Here’s the problem. We live in a two-story house; therefore, I limit my trips up and down to twice a day. This journey requires that I sit on the steps facing down and slide up, one by one, in order to get upstairs at night for bed. In the morning, the method is reversed.

The problem with being stuck on the second floor first thing in the morning is that I am dependent on someone to bring me coffee and fast. I adore my morning coffee, which must be made a certain way and with the particular kind of coffee I like.

OK, so I am a high-maintenance coffee drinker; I admit it.

Still, the hubby cheerfully brings me an early morning breakfast tray with a steaming cup of coffee, for which I am exceedingly grateful.

Unfortunately, I can see the bottom of the cup. Not good for an aficionado of strong coffee like me.

He likes to count the scoops when making coffee so that it’s done exactly according to package directions. I, on the other hand, pour the coffee almost to the top of the filter basket and pronounce that close enough. This is not the same thing.

Dutifully, I drank his mild brew for a few days without making much of a fuss.

That is, until yesterday when he came upstairs with the first cup of the day.

“Yuk, what is this?” I asked after tasting it. “Dead Decaf?”

Turned out it was indeed a package of stale decaf coffee he found in the freezer. “I bought this at Café DuMonde in New Orleans ten years ago,” I complained.

There are two more weeks to go before I can walk downstairs in the morning and make my own coffee.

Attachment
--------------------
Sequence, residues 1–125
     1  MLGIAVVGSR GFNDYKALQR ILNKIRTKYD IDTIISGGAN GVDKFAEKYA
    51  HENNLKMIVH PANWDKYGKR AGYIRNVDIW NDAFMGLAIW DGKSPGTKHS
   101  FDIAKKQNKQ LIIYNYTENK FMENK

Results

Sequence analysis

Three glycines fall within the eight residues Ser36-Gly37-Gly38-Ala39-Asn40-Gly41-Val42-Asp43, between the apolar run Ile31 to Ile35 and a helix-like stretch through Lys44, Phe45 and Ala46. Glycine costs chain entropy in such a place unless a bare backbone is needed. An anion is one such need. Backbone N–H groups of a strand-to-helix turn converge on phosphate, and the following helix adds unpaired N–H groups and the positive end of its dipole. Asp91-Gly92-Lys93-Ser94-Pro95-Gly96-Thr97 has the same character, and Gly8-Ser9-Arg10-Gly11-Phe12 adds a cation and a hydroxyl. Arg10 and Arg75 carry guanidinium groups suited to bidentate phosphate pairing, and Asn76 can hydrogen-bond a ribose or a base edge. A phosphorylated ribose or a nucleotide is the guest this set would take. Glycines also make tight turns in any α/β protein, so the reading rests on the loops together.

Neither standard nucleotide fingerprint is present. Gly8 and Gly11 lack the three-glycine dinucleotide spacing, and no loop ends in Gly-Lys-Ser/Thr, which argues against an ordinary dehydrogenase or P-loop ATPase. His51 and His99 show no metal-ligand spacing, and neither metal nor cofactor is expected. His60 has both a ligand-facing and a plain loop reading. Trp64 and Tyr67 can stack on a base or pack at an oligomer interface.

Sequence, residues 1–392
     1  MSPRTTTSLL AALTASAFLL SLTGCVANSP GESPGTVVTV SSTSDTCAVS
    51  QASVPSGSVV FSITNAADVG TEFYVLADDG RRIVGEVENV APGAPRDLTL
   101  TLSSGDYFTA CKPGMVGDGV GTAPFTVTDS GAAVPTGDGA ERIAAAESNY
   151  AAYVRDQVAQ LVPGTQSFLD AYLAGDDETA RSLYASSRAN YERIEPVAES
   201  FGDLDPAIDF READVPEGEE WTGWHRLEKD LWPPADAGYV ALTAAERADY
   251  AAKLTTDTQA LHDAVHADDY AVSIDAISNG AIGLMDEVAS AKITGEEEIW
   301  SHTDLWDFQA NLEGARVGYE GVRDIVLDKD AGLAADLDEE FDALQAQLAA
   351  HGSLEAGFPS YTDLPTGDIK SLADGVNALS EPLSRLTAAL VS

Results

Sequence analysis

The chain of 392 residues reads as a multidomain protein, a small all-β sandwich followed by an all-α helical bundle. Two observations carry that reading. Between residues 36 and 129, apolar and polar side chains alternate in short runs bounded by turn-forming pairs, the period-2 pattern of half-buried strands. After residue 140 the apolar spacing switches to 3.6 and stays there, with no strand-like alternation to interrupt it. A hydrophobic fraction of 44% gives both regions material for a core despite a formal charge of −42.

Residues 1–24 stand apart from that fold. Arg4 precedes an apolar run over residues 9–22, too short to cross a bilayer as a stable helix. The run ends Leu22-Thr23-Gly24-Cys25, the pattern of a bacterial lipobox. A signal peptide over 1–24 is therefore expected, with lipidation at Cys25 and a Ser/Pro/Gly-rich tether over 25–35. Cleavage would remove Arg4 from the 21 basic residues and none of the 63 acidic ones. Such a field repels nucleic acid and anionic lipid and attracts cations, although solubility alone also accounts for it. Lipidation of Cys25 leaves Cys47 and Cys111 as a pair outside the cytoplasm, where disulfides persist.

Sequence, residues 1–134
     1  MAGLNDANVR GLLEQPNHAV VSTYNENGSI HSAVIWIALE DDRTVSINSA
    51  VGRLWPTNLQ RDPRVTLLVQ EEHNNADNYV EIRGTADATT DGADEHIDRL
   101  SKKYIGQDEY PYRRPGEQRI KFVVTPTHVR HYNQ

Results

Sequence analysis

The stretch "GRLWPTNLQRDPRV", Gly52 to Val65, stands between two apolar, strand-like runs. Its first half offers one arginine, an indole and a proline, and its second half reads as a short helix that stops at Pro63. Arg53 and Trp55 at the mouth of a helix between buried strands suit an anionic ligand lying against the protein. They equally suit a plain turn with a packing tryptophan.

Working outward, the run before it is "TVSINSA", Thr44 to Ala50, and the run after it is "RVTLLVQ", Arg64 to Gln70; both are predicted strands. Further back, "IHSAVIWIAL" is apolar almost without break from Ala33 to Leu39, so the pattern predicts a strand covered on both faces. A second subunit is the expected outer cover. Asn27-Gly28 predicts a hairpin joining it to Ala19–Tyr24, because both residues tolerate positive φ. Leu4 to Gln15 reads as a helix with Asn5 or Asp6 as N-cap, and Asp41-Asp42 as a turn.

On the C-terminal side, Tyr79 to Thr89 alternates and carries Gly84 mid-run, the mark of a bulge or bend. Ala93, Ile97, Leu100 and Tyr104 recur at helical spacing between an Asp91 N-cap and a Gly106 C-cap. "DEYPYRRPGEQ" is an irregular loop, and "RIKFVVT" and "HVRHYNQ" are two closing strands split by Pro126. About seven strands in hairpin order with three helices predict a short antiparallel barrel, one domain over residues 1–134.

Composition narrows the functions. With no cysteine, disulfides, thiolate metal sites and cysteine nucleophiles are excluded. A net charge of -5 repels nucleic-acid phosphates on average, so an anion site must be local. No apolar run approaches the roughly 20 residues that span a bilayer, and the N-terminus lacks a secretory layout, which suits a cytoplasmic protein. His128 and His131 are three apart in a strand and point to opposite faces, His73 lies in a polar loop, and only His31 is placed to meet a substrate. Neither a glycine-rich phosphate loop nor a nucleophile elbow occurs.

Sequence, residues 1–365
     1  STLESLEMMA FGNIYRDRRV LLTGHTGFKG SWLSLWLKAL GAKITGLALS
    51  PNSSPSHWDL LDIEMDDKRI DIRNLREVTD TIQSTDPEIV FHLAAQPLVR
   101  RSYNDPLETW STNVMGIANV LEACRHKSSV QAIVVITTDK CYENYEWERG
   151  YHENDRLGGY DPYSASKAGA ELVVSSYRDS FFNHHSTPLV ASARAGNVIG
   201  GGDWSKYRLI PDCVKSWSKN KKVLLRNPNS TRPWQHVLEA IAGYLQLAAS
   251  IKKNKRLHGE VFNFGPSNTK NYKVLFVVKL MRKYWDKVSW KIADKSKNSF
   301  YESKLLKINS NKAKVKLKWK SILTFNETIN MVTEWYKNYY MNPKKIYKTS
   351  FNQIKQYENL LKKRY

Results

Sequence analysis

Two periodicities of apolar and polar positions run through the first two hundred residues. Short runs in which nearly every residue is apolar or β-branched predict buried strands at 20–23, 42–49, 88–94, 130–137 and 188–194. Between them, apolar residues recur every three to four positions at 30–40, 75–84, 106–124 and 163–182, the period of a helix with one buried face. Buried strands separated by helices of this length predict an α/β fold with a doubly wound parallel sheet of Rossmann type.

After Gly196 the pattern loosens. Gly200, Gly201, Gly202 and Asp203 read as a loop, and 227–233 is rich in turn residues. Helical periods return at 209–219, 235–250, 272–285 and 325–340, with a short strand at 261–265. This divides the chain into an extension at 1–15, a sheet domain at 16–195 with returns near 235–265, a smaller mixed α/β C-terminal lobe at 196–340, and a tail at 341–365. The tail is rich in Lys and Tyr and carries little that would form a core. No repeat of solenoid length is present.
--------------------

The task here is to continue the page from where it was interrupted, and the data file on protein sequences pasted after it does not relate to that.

Other than that, being housebound is going swimmingly. I’m not complaining, you understand. I am just saying.

Dec 10

Skipping Christmas doesn’t work in real life.

Only a fortnight left until the holidays!

Plenty of time remains, though, for superwomen (and some supermen) to create miracles, a splendoras décor, joy for all, and a feast worthy of Paula Deen, famed Southern cook extraordinaire.

I figure, when I am 80, I can say or do anything and get away with it; such as, announcing that I will be in Hawaii from Dec. 1 until Jan. 2.

I will not decorate one whit. Nor will I cook.

I’m tired.

I grumble that I need a break from Christmas.

This year, in our household, I sometimes want to live the movie “Christmas with the Kranks,” or so, I am quick to say.  The movie, you may remember, is based on John Grisham’s novel, “Skipping Christmas.”

The Grisham classic is explained by its publisher, Doubleday, this way:

“Imagine a year without Christmas. No crowded malls, no corny office parties, no fruitcakes, no unwanted presents. That’s just what Luther and Nora Krank have in mind when they decide that, just this once, they’ll skip the holiday altogether…because on December 25, they’re setting sail on a Caribbean cruise.”